Putting new definitions around “Being Green” isn’t easy

There are many green ideas out there and many widely differing perceptions of what environmentally friendly businesses should look like. This was recently brought home to me at a Green Mondays session where we heard about Japanese cottage industries from around Japan through a company called Ecotwaza, a company that promotes Japanese traditional handicrafts and products with an environmentally sustainable theme. We learned how using a “furoshiki” is green because it cuts down on the use of bags – although I could not help but observe how that furoshiki is made (from synthetic fabrics) is not yet seen as a part of the picture. Making cooking utensils (that can last several generations) out of iron and without synthetic coatings is seen as green, despite the fact that making the iron involves smelting based largely on traditional coal and CO2 intensive processes. There was no background given on how the iron itself was made, although the message on the durability was clear, and one was left to assume that the iron continues to be made in the traditional manner. While it is wonderful to see these green concepts being considered in terms of long-term usage and adherence to the 3R’s (reduce, recycle and reuse), it is at the same time rather discouraging to see virtually no focus on the fundamentals of how we produce the items. None of the companies introduced made a point of describing new ideas to change their traditional production processes or explore new environmentally friendly materials that leverage technology that might actually reduce emissions in combination with traditional design.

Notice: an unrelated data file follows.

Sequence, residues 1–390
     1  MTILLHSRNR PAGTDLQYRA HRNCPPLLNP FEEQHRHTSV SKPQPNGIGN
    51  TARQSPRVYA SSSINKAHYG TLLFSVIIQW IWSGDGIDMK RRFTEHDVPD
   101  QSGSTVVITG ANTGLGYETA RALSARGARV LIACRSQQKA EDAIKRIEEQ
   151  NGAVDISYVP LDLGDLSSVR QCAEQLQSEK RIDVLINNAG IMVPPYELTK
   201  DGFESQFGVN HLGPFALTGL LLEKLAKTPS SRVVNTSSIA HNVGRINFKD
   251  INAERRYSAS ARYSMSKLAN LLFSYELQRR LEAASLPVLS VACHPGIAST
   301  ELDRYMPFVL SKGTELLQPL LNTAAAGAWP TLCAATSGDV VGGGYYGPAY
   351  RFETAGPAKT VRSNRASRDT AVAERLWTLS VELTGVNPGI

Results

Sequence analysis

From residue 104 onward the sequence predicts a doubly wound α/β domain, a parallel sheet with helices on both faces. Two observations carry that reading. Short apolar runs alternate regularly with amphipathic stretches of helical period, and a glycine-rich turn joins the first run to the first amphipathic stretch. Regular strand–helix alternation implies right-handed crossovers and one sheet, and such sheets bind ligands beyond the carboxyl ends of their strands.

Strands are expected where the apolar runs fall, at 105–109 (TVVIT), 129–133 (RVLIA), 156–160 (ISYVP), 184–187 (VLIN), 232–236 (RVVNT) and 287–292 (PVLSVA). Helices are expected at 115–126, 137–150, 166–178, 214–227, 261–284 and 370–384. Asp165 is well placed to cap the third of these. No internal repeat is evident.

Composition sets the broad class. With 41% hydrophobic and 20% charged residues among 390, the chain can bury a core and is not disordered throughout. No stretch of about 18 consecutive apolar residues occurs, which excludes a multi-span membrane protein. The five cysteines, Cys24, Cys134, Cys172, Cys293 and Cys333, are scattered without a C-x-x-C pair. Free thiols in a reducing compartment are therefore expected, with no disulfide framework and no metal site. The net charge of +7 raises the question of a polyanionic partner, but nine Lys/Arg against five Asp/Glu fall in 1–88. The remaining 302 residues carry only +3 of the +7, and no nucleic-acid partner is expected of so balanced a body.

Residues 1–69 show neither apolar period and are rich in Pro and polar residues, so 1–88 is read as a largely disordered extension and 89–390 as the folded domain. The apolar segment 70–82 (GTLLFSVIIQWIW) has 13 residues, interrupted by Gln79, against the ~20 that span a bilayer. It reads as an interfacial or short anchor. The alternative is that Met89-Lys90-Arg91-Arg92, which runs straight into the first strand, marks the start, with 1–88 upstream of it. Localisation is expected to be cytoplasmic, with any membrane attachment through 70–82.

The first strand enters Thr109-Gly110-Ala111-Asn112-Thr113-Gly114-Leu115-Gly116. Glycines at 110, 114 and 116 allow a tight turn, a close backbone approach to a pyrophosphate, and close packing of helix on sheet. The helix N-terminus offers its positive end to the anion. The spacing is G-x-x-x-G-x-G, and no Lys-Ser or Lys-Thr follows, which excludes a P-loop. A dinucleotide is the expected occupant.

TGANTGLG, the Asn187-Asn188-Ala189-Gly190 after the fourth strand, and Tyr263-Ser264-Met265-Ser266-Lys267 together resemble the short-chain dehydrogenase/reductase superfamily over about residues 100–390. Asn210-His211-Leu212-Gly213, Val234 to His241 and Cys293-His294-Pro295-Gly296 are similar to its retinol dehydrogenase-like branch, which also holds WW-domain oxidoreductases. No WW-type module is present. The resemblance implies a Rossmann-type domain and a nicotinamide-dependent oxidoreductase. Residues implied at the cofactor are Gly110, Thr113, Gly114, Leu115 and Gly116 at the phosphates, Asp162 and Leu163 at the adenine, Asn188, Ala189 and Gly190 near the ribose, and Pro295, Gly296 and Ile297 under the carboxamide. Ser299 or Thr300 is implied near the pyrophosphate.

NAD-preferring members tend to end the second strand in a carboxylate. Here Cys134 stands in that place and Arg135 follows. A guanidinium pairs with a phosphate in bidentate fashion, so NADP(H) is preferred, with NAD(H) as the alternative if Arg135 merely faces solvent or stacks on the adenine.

The startling fact, according to the Ministry of the Environment in Japan, is that CO2 emissions of households in Japan has risen by over 30 percent since the Kyoto protocol was signed. This underlines the inherent stubbornness and resistance to change that characterizes our complacent Western society, so eloquently described by former Prime Minister Fukuda at the 2008 G8 Summit as: “living in a state of false affluence.” What will it take before we look at fundamentals of the building materials we use and the processes behind the products we buy and sell? The statistic above tells us that consumer choice alone cannot make a difference to emissions. Manufacturers will not change their processes without regulatory requirements if concerned consumers can be convinced to buy products on the basis of just being told they are “green.” Our willingness to pass down cooking iron utensils and household items through the generations in the name of environmental sustainability is highly unlikely given the “disposable society” we have built. Factoring in the trends of globalization, the widespread adoption of Western lifestyles is having a huge impact on consumption patterns around the world. Our basic definition of what a green business should look like, has got to change from merely a consumer-centered “usage” perspective, contingent on the good will of the well-informed customer, to a “production and process” perspective which will mean real change in available products whether households wish to adopt them or not.

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